Ecosystem Targets and Supporting Indicators
A method to collect data and assess trends is under development.
Efforts are underway to develop a procedure to track habitat connectivity gains before progress for this ecosystem target can be assessed (see below, How Will This Target be Measured?)
Improving habitat connectivity— the degree to which the landscape facilitates fish and wildlife movement between different habitat or resource patches—is relatively straightforward within streams compared to terrestrial habitats.
When an obstruction to the passage of fish, is removed, or even when the flow of water is improved, connectivity increases. Projects can be accomplished with a willing property owner (such as the owner of a dam that is no longer in use).
Barriers also needs to be removed to improve connectivity on land between two nearby parcels with valuable natural resources (such as forests). This could be challenging because the barriers can include community assets such as roads and residential and commercial uses.
Funding may present another challenge for terrestrial and riverine projects. Many restoration projects require a combination of federal and non-federal dollars. If the availability of federal funding is reduced, the number of projects completed will decrease proportionately.
Tracking habitat connectivity is also a challenge. The Long Island Sound Study Habitat and Stewardship Workgroup is looking to develop a database that will keep track of all green infrastructure projects. (see How is This Target Measured?)
Connectivity gains can be both targeted and monitored by mapping restoration and protection projects in a GIS database and using decision support tools such as computer models and simulations, which highlights the best areas of intact, resilient and connected habitat and identifies corridors between these areas of high quality patches.
Decision support tools also will help to guide land protection decisions by highlighting areas on the landscape that have the greatest ecological value and identifying corridors between them.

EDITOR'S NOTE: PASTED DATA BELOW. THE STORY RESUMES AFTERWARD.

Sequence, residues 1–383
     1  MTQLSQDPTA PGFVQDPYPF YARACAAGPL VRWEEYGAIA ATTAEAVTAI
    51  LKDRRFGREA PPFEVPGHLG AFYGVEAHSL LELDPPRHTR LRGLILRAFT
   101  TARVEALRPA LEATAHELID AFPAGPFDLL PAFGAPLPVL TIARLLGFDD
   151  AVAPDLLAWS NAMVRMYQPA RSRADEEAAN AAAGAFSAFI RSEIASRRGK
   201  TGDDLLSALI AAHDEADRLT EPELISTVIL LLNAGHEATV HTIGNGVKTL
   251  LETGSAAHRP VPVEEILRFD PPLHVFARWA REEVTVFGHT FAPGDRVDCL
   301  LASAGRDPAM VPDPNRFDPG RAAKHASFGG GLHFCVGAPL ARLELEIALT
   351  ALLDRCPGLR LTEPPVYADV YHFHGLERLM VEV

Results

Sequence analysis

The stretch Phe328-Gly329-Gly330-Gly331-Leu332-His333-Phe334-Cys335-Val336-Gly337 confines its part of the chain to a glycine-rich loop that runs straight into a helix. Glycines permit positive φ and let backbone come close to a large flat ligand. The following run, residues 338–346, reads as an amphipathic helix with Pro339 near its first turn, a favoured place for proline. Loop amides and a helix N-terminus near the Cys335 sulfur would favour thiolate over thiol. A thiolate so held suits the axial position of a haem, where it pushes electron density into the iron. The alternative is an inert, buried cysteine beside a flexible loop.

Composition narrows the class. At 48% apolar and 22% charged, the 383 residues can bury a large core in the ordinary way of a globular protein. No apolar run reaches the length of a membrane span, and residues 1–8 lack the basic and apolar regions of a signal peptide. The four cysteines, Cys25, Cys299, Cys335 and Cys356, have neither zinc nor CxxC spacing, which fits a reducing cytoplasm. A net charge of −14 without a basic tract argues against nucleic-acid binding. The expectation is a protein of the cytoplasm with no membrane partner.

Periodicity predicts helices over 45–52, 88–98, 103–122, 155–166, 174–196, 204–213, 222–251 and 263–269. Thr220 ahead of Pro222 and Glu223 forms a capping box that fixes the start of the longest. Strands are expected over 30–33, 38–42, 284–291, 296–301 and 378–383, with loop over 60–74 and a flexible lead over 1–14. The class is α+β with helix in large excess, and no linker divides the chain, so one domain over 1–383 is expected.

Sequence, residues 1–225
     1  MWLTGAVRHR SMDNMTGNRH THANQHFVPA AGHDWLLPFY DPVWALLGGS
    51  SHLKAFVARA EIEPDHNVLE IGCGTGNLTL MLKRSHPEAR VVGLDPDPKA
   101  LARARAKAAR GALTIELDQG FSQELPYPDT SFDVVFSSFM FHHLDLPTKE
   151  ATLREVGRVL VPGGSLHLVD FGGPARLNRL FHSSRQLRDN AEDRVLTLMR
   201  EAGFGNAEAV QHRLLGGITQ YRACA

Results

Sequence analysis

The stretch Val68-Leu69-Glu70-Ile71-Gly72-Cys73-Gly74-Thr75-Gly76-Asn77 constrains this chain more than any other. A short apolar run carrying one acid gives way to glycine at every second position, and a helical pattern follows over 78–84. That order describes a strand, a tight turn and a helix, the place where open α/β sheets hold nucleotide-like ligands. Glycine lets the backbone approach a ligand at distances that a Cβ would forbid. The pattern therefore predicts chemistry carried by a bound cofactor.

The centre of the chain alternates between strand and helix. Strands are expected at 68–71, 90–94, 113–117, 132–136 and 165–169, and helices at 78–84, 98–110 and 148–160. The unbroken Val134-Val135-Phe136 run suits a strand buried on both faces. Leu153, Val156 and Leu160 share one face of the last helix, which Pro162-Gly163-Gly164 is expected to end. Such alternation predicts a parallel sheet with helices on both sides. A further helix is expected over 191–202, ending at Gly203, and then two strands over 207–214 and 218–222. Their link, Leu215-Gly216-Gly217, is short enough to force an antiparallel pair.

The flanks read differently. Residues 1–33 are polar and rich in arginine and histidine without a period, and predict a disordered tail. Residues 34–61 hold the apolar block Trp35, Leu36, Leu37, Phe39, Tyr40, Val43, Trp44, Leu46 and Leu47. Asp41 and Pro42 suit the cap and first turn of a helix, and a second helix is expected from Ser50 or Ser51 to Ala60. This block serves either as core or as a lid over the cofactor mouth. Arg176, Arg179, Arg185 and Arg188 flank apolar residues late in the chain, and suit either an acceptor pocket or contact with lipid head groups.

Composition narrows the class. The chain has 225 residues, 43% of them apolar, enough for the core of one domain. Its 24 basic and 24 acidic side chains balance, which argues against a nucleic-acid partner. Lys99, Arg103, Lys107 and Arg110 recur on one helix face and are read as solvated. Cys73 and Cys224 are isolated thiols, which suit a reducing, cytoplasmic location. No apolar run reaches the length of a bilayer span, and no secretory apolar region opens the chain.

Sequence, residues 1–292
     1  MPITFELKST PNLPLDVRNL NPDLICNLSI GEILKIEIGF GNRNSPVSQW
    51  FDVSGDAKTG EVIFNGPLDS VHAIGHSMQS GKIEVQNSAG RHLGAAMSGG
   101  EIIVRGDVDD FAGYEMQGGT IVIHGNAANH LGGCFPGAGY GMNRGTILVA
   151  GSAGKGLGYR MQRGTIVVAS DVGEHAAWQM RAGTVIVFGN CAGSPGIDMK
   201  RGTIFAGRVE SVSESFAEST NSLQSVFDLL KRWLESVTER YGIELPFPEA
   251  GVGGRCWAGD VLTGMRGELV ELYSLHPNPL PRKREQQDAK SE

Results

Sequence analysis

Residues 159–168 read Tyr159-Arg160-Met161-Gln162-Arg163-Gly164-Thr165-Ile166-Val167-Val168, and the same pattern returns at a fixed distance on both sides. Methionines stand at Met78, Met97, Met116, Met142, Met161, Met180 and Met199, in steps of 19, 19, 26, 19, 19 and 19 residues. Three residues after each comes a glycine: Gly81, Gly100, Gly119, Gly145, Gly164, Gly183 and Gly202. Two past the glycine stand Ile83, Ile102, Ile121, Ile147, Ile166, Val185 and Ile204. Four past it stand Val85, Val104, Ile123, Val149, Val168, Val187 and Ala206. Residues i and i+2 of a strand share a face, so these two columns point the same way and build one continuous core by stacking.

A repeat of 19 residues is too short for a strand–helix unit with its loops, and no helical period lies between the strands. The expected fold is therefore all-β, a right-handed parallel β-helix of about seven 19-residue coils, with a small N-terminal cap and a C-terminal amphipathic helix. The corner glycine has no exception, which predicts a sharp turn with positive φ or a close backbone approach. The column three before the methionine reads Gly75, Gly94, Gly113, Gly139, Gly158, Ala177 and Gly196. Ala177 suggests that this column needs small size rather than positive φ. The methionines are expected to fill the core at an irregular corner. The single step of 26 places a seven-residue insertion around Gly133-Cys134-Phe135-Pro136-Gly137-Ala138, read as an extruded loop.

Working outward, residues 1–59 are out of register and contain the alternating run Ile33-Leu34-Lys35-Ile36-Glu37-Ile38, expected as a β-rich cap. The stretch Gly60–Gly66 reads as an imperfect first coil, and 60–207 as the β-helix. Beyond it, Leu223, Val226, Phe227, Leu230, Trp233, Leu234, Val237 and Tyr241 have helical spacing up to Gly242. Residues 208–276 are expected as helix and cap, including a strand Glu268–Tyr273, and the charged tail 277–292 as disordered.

By 2024, the Habitat Restoration and Stewardship Workgroup will agree upon an applicable model and apply metrics for all restoration and protection projects. By establishing a quantitative metric, the model will estimate a baseline and set a more specific quantitative goal to be accomplished by 2035.
Habitat connectivity is a critical component of fish and wildlife conservation. When habitat patches are connected, fish and wildlife can freely move for day to day needs such as feeding, breeding, and resting, or for migration.
These areas tend to have high biodiversity and healthy population levels.
To the contrary, areas that are fragmented, or have a low level of connectivity, prevent fish and wildlife movements between resource patches. Thus, these areas tend to see a rapid decline in species diversity and lower population levels. Dominant species in these areas tend to be those better suited to disturbed areas, typically non-native invasive species.
Promoting restoration and protection projects which increase aquatic and terrestrial connectivity, is an important component of ecosystem resilience, or the ability of an ecosystem and the fish and wildlife it supports to maintain function in the face of change.
Victoria O’Neill, New York Department of Environmental Conservation, [email protected]
Harry Yamalis, Connecticut Department of Energy and Environmental Protection, [email protected]
The technical explanation on how the target was selected is found in Appendix B of the Comprehensive Conservation and Management Plan.
Long Island Sound Stewardship Atlas